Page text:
For real graduate-level analysis, I really like Deen's book.

Caveat: all these textbooks are pretty expensive, and can run you close to $100 even used. There might be much less expensive alternatives that still teach the material well.

u/dangersandwich · 2 pointsr/AskEngineers

See this wiki page to get an idea of what engineers do for work on a daily basis:

> I don't want to get as specific as individual circuits or servos, I'd rather find and source those systems and then add them together to make a larger project.

Broadly speaking, this is called electromechanical design, which is simply combining electrical design and machine design. Often when a vehicle gets complex enough, the electrical design and mechanical design are split off into two teams (with sub-teams for each subsystem in those categories), and a third team is created to integrate the two together. The people who make sure all the different subsystems play together nicely are sometimes called Systems Engineers or Integration Engineers, or more jokingly "Engineering Engineers".

I don't know much about the electrical side, but for machine design most people including myself are going to recommend Shigley's Mechanical Engineering Design. I suggest getting the 9th Edition or newer just for the introduction chapter, which is one of the best overviews of engineering I've read. You will also want to learn Statics and Dynamics which is a 2nd year course for a wide range of engineering disciplines.

UAVs (commonly called 'drones') are an electromechanical system as most modern vehicles today are, but being an airborne system you will also need some understanding of aerodynamics. Most aerospace engineering undergrads learn this at the beginning of their 3rd year because you need an understanding of vector Calculus and dynamics before grasping concepts in aerodynamics.

u/RocketJory · 1 pointr/AskEngineers

Well the best answer is definitely what Tigrinus posted. To add my two cents here are a couple of books I've read that are super interesting, without being textbooks:

The essential engineer

Why things break

Machinery's handbook

Machinery's handbook is pretty much the bible for Mechanical Engineers. It covers everything from materials sciences to types of measurements to machining and component sizing.

u/LukeSkyWRx · 1 pointr/AskEngineers

It is really about knowing how to do research and speak the language. For the language you can learn from basic MSE books like . One you learn the basics and lingo you can apply that to specific material groups.

ASM has some really good books on materials like stainless steels and there are tons of online resources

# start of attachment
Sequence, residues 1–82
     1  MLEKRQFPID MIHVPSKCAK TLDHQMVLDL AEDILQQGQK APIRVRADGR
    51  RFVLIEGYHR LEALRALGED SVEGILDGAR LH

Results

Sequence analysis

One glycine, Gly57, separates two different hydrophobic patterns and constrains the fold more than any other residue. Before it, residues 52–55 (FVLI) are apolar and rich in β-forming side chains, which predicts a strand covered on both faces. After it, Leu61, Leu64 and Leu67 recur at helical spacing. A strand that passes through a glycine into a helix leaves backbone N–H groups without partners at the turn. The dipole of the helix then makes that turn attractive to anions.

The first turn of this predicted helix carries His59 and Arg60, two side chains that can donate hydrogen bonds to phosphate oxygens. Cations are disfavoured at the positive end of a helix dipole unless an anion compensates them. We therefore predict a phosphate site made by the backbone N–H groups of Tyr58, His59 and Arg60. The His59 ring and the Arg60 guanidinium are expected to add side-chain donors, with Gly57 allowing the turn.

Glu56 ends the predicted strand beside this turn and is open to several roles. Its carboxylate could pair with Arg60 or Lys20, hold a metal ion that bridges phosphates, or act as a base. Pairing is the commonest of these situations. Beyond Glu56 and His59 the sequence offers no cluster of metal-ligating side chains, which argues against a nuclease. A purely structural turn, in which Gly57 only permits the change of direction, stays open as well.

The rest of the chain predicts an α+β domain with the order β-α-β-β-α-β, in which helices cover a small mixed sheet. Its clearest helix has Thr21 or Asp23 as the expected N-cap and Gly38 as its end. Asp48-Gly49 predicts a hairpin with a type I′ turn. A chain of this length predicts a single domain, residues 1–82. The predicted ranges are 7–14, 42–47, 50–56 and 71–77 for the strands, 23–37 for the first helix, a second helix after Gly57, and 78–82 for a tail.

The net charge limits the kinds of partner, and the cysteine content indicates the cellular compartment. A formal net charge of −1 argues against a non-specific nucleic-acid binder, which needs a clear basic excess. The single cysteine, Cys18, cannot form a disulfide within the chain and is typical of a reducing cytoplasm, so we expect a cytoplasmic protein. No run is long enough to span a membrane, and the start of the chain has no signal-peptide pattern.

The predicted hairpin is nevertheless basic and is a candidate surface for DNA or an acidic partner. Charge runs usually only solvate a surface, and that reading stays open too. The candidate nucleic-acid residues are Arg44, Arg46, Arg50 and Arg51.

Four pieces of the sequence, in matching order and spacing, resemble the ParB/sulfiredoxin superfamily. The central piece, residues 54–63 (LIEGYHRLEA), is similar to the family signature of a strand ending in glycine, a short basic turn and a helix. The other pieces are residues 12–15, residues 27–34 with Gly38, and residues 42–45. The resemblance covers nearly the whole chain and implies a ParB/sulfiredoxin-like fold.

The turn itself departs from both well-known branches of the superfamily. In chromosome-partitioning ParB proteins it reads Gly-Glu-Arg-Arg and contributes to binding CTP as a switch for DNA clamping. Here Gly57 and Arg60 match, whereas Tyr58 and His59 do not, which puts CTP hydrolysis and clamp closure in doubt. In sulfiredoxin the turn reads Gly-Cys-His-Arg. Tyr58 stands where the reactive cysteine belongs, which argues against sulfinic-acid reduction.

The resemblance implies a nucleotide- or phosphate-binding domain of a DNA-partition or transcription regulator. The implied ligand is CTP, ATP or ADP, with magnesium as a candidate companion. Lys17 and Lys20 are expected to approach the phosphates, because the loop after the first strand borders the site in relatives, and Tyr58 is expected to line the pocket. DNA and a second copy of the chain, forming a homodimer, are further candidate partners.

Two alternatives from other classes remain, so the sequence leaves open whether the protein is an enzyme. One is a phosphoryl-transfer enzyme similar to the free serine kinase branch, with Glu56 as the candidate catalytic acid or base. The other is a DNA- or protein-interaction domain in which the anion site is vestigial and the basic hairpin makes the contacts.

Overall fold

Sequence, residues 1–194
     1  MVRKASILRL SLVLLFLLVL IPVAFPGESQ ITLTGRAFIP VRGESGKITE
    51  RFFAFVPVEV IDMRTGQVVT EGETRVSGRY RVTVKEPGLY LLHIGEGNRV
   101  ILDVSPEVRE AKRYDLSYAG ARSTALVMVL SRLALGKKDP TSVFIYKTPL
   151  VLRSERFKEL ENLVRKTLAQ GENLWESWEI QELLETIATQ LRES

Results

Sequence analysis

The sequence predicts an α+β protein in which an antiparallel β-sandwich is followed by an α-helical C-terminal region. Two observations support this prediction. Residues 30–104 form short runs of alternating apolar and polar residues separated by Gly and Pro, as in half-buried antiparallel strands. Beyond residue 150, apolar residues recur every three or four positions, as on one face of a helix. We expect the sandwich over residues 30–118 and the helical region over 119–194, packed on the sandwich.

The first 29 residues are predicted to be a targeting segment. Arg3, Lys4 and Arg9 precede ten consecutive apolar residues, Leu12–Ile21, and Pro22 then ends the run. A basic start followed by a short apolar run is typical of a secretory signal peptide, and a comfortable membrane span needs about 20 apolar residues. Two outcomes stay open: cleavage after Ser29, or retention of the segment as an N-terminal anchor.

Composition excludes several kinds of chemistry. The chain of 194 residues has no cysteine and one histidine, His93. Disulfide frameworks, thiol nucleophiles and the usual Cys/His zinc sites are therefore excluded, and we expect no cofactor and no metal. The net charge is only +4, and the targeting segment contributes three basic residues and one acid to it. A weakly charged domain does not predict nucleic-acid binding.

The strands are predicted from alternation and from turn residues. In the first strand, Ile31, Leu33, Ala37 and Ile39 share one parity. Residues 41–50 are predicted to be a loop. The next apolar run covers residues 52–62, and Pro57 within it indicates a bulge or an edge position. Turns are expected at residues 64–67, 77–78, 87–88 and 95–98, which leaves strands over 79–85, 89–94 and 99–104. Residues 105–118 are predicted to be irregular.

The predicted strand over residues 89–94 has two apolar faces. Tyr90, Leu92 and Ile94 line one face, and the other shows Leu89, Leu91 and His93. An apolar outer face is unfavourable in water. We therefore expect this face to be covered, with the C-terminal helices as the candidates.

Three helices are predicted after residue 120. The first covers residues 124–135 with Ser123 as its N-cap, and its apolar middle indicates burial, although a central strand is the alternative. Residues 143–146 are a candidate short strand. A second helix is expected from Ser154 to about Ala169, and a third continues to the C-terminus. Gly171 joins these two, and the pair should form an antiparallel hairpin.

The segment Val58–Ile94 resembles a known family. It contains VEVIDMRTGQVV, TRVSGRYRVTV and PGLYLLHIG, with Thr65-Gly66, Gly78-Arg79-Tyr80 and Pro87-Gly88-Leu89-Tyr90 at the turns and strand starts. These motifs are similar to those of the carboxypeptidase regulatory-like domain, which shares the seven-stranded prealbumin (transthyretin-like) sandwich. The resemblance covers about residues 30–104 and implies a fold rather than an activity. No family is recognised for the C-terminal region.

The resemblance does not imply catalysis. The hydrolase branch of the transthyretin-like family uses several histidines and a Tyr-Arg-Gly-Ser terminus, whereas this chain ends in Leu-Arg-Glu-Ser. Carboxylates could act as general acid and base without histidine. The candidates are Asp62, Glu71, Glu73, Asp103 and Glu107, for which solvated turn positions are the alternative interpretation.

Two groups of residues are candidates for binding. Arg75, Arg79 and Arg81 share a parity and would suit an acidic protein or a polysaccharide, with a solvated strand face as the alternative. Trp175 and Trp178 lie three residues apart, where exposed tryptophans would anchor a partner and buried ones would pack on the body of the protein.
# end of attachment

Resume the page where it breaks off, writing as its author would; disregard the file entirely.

Even common materials like aluminum have so many different grades that you need a good understanding of when you use 3000 grade vs 6000 grade.

More specialized materials like ceramic matrix composites for example have their own dedicated literature and resources. Once you get really off the beaten path academic papers and journals are the only resource.

u/cssr · 2 pointsr/AskEngineers

I'm sure we'd all be willing to help, but you need to ask better questions. I work in the telecommunications industry for a company that develops carrier networking products, and yet I've little idea what you're really wanting. So for now, I'll answer the question that you have asked, though I doubt you'll like the answer.

>So what I would like is some books that explain what parameters affect the energy consumption at the telecommunications infrastructure.

The parameters that effect energy consumption are resistance, capacitance, and inductance. As far as books on the subject? I don't know. Maybe The Art of Electronics?

u/ElectricWraith · -1 pointsr/AskEngineers

The aircraft itself is pretty amazing, although nowhere near close to being as good at the individual combat tasks as separate dedicated-role planes would be. By that I mean it won't come close to the A-10 for ground attack missions, won't hold a candle to the F-14 or F-15 for air superiority, etc. But that's a function of the design process itself, and that is what I have a real problem with.

If anyone is interested in finding out why the process is so broken, read Skunk Works by Ben Rich. He explains not only how much better things used to be, but exactly why they ended up the way they are now. Great book.

u/ImperialAle · 2 pointsr/AskEngineers

Surely You're Joking, Mr. Feynman! Autobiography of a member of the Manhattan Project, Nobel Prize winner, Professor at Caltech, bongo drum player, LSD user, painter. Just a bunch of fun eclectic stories.

u/G33Kinator · 28 pointsr/AskEngineers